NORTH TEXAS (CBS 11 NEWS) – It’s probably no surprise to women that men still, on average, make more money than they do. According to the Institute for Women’s Policy Research, last year women made only 77-cents for every dollar that men made.

Experts also say women may be partially responsible for the disparity, because of their hesitance to negotiate. But more women are learning the art right here in North Texas.

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“Women are perceived differently, especially in this southern culture,” SMU Cox MBA student Gina Mussulman said. “We have this thing where we can’t be as aggressive as the guys, and if we are, we’re judged differently.”

Mussulman knows she’s entering a male dominated world, but she’s already working to level the playing field by learning how to negotiate.

SMU Cox School of Business professor Robin Pinkley, Ph.D said, “If you can learn to have an alternative solution, you won’t cave in and you’re comfortable walking away.”

Pinkley is Mussulman’s professor and a sought after speaker. She’s also a passionate advocate for pay equity and says women often don’t get what they’re worth, because women too often don’t ask.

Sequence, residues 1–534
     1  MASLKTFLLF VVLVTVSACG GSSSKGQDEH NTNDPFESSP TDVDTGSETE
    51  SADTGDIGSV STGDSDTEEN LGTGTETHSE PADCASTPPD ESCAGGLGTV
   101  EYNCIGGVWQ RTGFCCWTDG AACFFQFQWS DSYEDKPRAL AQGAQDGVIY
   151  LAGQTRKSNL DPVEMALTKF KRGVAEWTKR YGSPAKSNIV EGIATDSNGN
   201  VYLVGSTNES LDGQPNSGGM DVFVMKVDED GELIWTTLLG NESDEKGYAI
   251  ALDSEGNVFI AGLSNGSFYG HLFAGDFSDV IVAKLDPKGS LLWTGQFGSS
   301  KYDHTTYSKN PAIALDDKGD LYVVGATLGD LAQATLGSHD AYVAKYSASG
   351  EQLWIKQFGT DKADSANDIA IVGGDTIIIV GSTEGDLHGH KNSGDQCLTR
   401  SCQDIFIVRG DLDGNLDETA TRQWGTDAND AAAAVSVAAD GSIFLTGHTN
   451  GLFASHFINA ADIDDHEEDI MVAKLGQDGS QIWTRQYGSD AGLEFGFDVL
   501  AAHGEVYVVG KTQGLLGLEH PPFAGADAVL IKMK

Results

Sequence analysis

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“They’re more likely to negotiate when they think they’re negotiating on behalf of others,” Pinkley said. “So, one of the things that I recommend for women when they’re negotiating, especially a salary, is to remember who else benefits? Their family.”

Mussulman said she now feels more confident to enter the workforce and to ask for what she’s worth when she does. “I do feel more empowered. I feel stronger in the negotiation and I’m comfortable putting aside [the feeling] ‘I’m a female, and there are certain perceptions of me’ and saying, ‘I’m going to be treated equally and this is what I want to ask for.’”

Experts say that candidates who negotiate their salaries assertively, but not aggressively are perceived better than those who do not negotiate. They also want women to remember to negotiate without emotion and consider the benefits.

Just a note, if everything else but pay is equal women still have to work an extra nine years to make up for the $760,000 difference in starting salaries.

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